It’s important to know that, no matter which method you use, smoke by itself is not an effective food preservative without proper cooking. The danger zone for microbial growth is between 40 to 140 degrees F. That’s why it’s important to store, age, cure and smoke the fish at the right temperatures.
The ABCs of hot-smoking
The good news about home-smoked salmon, according to the same Pacific Northwest Extension publication about smoking fish at home, is that you can smoke any fish without worrying about foodborne illnesses if you follow some basic practices in preparing, salting, smoking, cooking and storing it.
Salt, smoke and heat are the three common factors in hot-smoking salmon. Fish smoked without proper salting and cooking can not only make people sick, it can also be lethal. That’s because many dangerous bacteria can, and will, grow under the conditions normally found in the preparation and storage of smoked fish.
Of those bacteria, Clostridium botulinum, which causes botulism, is of special concern in smoked salmon stored in vacuum packing in the refrigerator for long periods. According to the Centers for Disease Control and Prevention, all forms of botulism can be fatal and are considered medical emergencies. Foodborne botulism is a public-health emergency because many people can be poisoned by eating a contaminated food.
In addition to botulism and Listeria, other harmful foodborne illnesses such as Salmonella and the pathogenic form of E. coli can infect people who eat smoked fish that hasn’t been correctly prepared or has been mishandled after it has been smoked.
Because it’s hard for the home-smoker to know the exact salt content of the finished product, the Pacific Northwest Extension publication advises that the following conditions be met so salmon will not support the growth of harmful bacteria:
The National Center for Home Food Preservation Guide warns that only food-grade salt without additives, such as iodine, should be used. Rasco suggests using food-grade rock salt dissolved in water.
“Don’t use salts with anti-caking agents because that can lead to quality problems with the fish,” she said.
Rasco said that one of the small metal smokers could be used for up to two hours to complete the first part of the smoking process. After that, put the fish in a home oven to finish it up.
If, after the fish has been smoked, the right outdoor cooling conditions (cool, dry air) aren’t present, Rasco said you can put the fish in a smoker with low heat (80 to 90 degrees F), no smoke, and with the doors open so the pellicle can form. She advises to cool the fish down to 110 degrees F or lower before packaging it.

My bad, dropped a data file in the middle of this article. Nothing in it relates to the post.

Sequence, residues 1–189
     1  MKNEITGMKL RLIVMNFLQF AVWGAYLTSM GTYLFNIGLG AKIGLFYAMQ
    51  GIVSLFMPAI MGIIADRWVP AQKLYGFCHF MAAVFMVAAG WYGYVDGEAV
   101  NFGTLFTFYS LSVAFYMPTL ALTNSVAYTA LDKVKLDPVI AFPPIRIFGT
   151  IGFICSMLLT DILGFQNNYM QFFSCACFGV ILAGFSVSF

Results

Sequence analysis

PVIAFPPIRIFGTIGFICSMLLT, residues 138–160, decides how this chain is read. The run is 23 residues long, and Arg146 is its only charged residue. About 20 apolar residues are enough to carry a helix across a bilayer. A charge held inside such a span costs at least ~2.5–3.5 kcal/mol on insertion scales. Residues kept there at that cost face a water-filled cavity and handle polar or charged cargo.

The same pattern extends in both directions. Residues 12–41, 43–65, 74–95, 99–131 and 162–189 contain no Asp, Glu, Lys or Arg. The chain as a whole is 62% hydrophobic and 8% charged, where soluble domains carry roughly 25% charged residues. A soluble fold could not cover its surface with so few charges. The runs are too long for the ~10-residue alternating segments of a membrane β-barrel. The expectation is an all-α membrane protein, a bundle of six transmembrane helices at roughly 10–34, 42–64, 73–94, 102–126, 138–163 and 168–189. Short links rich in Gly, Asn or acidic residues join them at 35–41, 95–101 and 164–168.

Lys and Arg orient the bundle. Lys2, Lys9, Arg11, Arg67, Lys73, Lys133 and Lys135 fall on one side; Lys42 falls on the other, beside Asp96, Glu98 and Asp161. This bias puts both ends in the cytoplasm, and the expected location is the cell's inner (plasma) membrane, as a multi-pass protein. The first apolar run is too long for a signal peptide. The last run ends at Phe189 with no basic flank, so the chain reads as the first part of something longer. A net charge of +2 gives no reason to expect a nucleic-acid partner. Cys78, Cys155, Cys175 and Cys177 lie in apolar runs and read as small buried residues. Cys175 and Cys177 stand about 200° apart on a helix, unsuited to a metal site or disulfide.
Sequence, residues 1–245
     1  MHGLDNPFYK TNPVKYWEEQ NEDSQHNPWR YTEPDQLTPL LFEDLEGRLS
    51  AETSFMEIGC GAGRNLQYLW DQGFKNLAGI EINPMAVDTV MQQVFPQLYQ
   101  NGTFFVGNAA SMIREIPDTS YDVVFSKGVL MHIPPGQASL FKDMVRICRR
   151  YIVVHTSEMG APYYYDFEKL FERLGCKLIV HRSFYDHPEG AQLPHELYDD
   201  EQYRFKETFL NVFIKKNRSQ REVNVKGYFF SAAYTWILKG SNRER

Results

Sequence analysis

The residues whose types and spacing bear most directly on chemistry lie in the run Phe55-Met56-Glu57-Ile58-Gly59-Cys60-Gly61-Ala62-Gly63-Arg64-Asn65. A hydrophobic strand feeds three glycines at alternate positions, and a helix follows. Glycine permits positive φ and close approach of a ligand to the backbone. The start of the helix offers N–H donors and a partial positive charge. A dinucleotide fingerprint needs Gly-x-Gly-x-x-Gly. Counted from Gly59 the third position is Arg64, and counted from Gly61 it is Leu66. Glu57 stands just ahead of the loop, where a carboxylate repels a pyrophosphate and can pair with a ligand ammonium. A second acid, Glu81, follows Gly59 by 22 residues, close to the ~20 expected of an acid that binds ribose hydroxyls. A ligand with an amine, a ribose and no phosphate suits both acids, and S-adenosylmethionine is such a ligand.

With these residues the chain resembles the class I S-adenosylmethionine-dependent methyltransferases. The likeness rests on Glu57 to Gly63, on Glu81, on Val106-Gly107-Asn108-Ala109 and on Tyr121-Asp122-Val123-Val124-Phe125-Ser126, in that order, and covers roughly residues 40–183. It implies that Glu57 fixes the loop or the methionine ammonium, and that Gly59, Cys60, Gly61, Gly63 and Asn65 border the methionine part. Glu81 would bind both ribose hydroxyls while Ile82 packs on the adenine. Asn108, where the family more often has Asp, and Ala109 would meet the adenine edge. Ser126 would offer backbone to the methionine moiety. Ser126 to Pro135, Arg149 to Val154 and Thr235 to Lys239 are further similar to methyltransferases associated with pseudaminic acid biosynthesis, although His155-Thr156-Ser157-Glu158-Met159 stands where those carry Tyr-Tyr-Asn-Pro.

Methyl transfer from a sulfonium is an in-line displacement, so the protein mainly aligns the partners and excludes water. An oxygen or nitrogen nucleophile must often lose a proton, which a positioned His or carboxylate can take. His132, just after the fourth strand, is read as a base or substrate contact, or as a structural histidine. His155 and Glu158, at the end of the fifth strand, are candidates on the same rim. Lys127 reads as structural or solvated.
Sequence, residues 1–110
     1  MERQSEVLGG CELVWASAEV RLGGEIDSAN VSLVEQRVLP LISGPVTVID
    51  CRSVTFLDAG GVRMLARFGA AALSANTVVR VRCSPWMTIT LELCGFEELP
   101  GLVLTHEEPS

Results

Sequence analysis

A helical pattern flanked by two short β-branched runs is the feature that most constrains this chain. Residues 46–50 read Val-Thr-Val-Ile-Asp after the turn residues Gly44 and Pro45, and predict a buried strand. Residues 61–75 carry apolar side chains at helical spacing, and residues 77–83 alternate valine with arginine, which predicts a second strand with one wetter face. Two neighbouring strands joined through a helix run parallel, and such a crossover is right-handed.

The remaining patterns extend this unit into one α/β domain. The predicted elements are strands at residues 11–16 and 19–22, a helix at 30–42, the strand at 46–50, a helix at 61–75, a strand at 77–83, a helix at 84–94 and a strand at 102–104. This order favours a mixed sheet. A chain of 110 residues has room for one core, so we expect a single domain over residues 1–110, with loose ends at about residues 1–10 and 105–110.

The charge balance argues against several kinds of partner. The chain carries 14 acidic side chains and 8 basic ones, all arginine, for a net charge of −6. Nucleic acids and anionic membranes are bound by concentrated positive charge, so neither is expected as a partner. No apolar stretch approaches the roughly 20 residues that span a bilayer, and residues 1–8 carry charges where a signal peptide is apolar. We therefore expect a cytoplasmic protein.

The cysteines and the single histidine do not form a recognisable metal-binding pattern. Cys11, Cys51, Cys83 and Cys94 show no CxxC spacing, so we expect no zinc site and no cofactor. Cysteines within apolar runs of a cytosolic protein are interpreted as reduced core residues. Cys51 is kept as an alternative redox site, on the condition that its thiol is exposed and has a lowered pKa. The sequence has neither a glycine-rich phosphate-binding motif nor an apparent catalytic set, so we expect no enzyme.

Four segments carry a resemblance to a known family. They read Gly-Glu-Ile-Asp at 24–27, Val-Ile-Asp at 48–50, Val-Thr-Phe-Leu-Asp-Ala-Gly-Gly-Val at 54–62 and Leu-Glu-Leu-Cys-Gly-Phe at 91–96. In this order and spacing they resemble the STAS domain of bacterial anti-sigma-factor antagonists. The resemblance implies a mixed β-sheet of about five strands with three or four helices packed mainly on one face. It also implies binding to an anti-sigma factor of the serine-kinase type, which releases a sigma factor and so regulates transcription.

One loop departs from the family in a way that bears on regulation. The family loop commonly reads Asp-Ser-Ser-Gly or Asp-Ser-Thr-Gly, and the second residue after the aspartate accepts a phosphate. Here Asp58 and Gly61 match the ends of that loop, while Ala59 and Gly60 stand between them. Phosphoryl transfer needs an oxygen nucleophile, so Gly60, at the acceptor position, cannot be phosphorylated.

When packaging the fish, it has to be cool enough, Rasco said. When fish that hasn’t been cooled down enough is put into a ziplock bag or vacuum-sealed in a plastic package, the difference in temperature between the fish and the refrigerator can cause condensation.
Susan Westmoreland, food director for Good Housekeeping, offers this advice about storing smoked salmon: Put it on the bottom shelf of your refrigerator, where it’s coldest. Unopened, it will keep for two weeks; after opening, one week. Store opened salmon in the original package; over-wrap it in plastic wrap or place it in a self-sealing plastic bag to prevent dryness. (If the edges dry out, just snip them away with a pair of scissors.)
What if a friend proudly offers you some salmon he or she has smoked? You can’t very well grill the person about how the fish was smoked. Rasco suggests that you graciously accept it. Then, later, heat it up to 150 to 160 degrees F and eat as is or use it to make sauces or sandwiches.
When asked about statistics pertaining to food poisoning caused by home-smoked salmon, Rasco said that information like that isn’t available, in large part because there aren’t many illnesses of this sort.
“Most people who consume smoked salmon are healthy,” she said. “The elderly and the very young don’t usually want it because of its strong taste and high salt content.”
She also believes that, in general, there’s more paranoia about smoked salmon than is warranted.
“People don’t eat a lot of it, and they usually eat only one or two ounces at a time,” she noted.
When asked about the safety of fish and other meats “back in the old days,” Rasco said that the way it was done then, before refrigeration, called for a lot of salt. As a result, smoked fish (or other meats) were very salty and very dry.
“But we like products that are less salty now,” she said, adding that using the right amount of salt is important when it comes to preventing Listeria and other foodborne pathogens.
For more information and details about safely hot-smoking salmon, refer to the Pacific Northwest Extension’s publication on this topic.